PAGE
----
Bill Gates is leaving Parkrose United Methodist Church a much different place than when he found it.
When Gates first inherited the Sunday morning microphone as PUMC’s new pastor midway through 2002, he believed his audience to be “adversarial” when it came to the potentiality of ethnic diversity within the church. Now that he’s semi-retiring and leaving this space behind, he notices a huge difference. There are now four additional fellowships that share PUMC’s walls: one is Hispanic, two are African-American, and one is largely constructed of Eastern-European immigrants.
And though PUMC is still not notably integrated, Gates believes members are more conversational about the staggering growth of diversity within the community as well as the additional fellowships that practice within PUMC’s space.
“People now work together; they relate to one another and share the same space,” explains Gates. “We transitioned to being more neutral and more proactive about building relationships. It took ten years to get through this transition, but there’s a different attitude now. The folks who were there when I arrived were still living out a memory from the 1950s.”
Gates, a pastor marked by his willingness to connect with all people, regardless of their background, is praised for his indiscriminate servitude.
Linda Grimes, who has been with PUMC since 1984, accepts Gates and his accomplishments. “Our ministry field is the world around us. You have to engage with it and be effective,” says Grimes.
Like a surprising number of modern pastors, Gates’ journey to the podium did not begin by growing up in the religion he would later teach. Gates was raised Episcopalian and wasn’t formally introduced to Methodism until he married his wife, Pam. Pam did grow up a Methodist, and during the couple’s mid-20s, they decided to connect with Pam’s roots while they were living in Southeast Idaho. At this point, Bill was a CPA.
“I didn’t like sitting behind a desk,” says Gates. “From the very beginning of my business career, I was looking for a better connection with people or causes. I had gotten involved with high school kids at our church, and I had become a camp adviser and camp counselor. It just clicked; it was the right thing at the right time.”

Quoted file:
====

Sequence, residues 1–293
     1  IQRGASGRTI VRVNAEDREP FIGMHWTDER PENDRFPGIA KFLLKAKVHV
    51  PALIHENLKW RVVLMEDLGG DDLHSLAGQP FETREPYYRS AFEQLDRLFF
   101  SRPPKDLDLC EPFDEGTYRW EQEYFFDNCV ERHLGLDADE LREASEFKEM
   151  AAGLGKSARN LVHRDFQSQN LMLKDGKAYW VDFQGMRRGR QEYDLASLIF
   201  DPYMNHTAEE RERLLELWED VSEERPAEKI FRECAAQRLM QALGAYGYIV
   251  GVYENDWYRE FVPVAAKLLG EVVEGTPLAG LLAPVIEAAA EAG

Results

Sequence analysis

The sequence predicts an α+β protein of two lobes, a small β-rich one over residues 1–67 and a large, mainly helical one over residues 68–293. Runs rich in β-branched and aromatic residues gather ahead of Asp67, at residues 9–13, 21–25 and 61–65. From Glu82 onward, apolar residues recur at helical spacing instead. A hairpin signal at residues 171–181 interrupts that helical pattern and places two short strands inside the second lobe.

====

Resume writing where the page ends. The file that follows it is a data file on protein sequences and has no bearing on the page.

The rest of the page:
But how did Gates end up in Portland and at PUMC?
“We spent five years in Berkeley while my wife was in school studying architecture. We were invited to move to Portland by the Methodist church, as a lot of the denominations are broken down by geographical boundaries,” explains Gates. “We’ve been in the Portland area for 25 years. The outdoors part of it worked well. I grew up in Denver and Colorado and New Mexico, so mountains are very important to me. Part of my spirituality is the outdoors.”
First appointed to Lake Oswego Methodist Church, where he served for five years, Gates didn’t feel the same connection that he later would with Parkrose. Gates elected to take an open position at Parkrose after he was cut from the Lake Oswego church due to a lack of funding. Gates was eager to take on the Parkrose neighborhood, as he saw one of its central issues being the swift change in local demographics. Compared to Lake Oswego, there were many more sociocultural boundaries between newer and older resident populations.
Gates claims that when he first showed up at PUMC, its original pastor was still a face in his crowd, as were many individuals who had been with the church since its birth in the 1950s. Now, the church is much more privy to dialogue with people who don’t stem from the white picket fence reality of old Parkrose.
“When I first took the position, there was a lot of distrust of pastors,” says Gates. “What I left behind is people having trust in themselves and other people, and I think I helped people reach out to those people who are different than they are. I think this led to a more multicultural community; now church members honor some of the diversity.”
In October, Gates passed the baton to PUMC’s incumbent pastor, Emma Donohew, who happens to be a millennial woman; Gates continues to work in community organizing. Currently, he spends much of his time working in the Woodlawn neighborhood, which is attractive to him as he builds relationships with local stakeholders, neighborhood associations, schools and the larger business community.
But will Gates ever return to the church as something other than an observer? Never say never, he says, but not yet.
“We really need to give an ex-pastor space for at least a year or so, but I live in Southwest Portland, and I have some other options for my spiritual development and church engagement,” says Gates. “I’m hard-headed, so I really need to vacate the area so Emma has a chance to be herself amid some great new people. I’m not involved with them right now, but in another year, who knows?”
Let’s hope that a reunion comes about sooner rather than later.
Parkrose United Methodist Church is located at 11111 NE Knott St.; reach them by phone at 503-253-7567.